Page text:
Eastern Airlines and Braniff International are holding discussions about a possible merger, the two companies announced yesterday.

Officials of both airlines declined to elaborate on the status of the talks, the way in which the companies might merger or any timetable. "All we're doing is going to take a look at the two companies to see if it makes any sense to go ahead," Jim Ashlock, spokesman for Miami-based Eastern, said yesterday. "If it looks like the merger makes sense, then we'll make a formal application."

Jere Cox, spokesman for Dallas-based Braniff, also declined to elaborate, stressing only that the discussions were in the "very beginning of the preliminary stage."

A merger would require the approval of the boards of both companies, their stockholders, the Civil Aeronautics Board and the White House because international routes would be involved. A proposed merger probably also would have to be cleared by the two airlines' creditors.

Neither carrier has been at the top of any stock analyst's "buy" list recently. But Eastern, considered near bankruptcy five years ago, is now the stronger of the two, and Braniff, a consistently profitable carrier until last year, is considered to have serious financial troubles now. It is assumed in the industry and on Wall Street that Eastern would acquire Braniff if an arrangement is worked out.

"I think it would be a good thing . . . probably for both, although better for Braniff," Michael Derchin, an analyst with Oppenheimer & Co., said yesterday. "Braniff was up today and Eastern wasn't, so it looks like the market agrees with that," he added. In New York Stock Exchange trading yesterday, Braniff closed at 5, up 1, while Eastern was unchanged at 7.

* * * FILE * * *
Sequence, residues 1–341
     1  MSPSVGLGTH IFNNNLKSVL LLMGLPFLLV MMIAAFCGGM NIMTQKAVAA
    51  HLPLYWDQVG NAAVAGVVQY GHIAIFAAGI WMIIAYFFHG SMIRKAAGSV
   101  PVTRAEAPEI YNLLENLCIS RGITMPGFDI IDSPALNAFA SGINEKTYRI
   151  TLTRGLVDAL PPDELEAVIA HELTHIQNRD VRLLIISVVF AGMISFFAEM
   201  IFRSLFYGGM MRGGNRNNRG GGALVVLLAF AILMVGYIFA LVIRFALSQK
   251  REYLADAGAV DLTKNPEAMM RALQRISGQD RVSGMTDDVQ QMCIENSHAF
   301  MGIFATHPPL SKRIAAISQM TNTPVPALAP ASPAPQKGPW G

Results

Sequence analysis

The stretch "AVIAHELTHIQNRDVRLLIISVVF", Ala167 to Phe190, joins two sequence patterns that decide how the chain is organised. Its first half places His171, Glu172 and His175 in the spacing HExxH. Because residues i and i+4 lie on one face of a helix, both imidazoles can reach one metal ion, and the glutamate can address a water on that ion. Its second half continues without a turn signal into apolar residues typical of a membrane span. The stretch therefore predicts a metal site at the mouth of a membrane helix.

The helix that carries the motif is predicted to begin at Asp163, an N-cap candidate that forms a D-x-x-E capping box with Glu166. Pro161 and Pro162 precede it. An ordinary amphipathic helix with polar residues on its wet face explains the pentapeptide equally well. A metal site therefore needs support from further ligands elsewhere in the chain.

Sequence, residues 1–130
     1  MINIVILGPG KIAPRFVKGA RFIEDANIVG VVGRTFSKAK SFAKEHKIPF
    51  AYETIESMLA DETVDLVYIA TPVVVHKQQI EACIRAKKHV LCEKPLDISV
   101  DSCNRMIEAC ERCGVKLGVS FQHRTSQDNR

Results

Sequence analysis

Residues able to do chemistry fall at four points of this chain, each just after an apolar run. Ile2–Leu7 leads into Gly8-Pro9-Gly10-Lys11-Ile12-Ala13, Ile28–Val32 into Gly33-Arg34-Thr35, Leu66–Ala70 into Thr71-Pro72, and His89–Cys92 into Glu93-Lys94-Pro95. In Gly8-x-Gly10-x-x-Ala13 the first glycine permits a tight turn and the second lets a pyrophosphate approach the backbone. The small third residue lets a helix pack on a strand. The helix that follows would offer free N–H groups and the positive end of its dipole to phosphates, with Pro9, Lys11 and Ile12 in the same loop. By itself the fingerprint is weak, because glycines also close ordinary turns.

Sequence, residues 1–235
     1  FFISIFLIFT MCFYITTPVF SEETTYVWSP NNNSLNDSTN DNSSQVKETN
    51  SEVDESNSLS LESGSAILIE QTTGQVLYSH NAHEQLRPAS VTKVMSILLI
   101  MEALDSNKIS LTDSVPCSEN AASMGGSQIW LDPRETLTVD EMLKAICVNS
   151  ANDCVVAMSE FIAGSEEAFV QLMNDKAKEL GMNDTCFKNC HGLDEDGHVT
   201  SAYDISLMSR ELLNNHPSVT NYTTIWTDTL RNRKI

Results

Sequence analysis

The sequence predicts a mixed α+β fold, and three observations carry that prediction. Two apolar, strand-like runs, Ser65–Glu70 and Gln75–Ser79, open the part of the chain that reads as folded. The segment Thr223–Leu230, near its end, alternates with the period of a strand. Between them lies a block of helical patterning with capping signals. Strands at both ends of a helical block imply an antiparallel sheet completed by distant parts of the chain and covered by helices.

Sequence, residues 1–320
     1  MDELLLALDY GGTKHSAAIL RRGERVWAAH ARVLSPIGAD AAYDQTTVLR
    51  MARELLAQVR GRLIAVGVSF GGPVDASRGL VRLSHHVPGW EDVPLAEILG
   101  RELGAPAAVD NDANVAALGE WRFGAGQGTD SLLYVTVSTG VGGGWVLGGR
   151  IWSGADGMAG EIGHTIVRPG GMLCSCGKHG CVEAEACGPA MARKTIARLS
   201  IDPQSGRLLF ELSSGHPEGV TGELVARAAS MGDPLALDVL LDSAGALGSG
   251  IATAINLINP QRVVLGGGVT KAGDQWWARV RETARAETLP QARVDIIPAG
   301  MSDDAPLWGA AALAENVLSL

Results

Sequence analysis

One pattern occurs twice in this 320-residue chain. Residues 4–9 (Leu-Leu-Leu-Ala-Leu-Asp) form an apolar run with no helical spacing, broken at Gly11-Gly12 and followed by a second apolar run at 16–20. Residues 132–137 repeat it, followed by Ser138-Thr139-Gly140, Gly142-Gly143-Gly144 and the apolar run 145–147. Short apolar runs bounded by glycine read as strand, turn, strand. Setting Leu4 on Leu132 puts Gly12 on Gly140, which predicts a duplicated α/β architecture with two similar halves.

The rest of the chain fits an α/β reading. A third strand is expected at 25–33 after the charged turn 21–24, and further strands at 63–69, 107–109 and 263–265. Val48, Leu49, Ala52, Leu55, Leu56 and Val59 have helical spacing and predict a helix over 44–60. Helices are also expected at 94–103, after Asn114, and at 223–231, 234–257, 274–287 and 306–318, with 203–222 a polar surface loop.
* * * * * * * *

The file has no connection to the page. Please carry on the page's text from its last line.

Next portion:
A merger would provide Braniff with a link to a carrier considered stronger and able to help the Dallas-based airline get through some of its current difficulties, Derchin said. A merger would given Eastern access to Braniff's lucrative Latin American routes, which are limited by strict bilateral agreements, and to a young fleet of modern planes, he noted.

The problems the carriers might encounter from a proposed merger are the same ones that have plagued the Pan American World Airways merger with National Airlines and the merger of North Central and Southern into Republic -- combining different labor forces and aircraft into a cohesive system, industry observers said yesterday.

Braniff suffered a record loss of $44 million in 1979 and has chalked up a net loss of $51.6 million for the first nine month of this year. It did report earnings of $18 million in the third quarter, due at least in part to the sale of some of its aircraft. Many industry observers believe Braniff's problems stem in large part from a very ambitious program to expand its route system once airline deregulation was enacted. Immediately following the expansion, jet fuel prices doubled and passenger traffic fell off as the economy turned sour. Braniff recently has been cutting back the routes it had added and its work force.